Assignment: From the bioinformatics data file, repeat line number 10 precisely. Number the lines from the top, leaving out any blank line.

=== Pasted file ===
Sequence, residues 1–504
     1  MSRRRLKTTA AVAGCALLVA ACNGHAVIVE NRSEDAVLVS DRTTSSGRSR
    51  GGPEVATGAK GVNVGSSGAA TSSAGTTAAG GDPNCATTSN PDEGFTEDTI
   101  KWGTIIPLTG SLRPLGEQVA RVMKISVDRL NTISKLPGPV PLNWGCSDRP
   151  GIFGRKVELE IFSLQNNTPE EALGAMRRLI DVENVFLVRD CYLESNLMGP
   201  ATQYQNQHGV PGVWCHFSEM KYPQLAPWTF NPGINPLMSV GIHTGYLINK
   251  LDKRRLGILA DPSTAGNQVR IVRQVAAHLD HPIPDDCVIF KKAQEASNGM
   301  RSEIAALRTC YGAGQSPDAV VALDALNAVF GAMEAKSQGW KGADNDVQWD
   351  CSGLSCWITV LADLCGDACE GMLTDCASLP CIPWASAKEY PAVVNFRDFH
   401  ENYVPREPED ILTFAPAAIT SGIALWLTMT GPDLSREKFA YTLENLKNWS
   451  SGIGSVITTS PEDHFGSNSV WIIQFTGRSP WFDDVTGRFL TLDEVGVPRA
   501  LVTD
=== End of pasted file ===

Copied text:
   401  ENYVPREPED ILTFAPAAIT SGIALWLTMT GPDLSREKFA YTLENLKNWS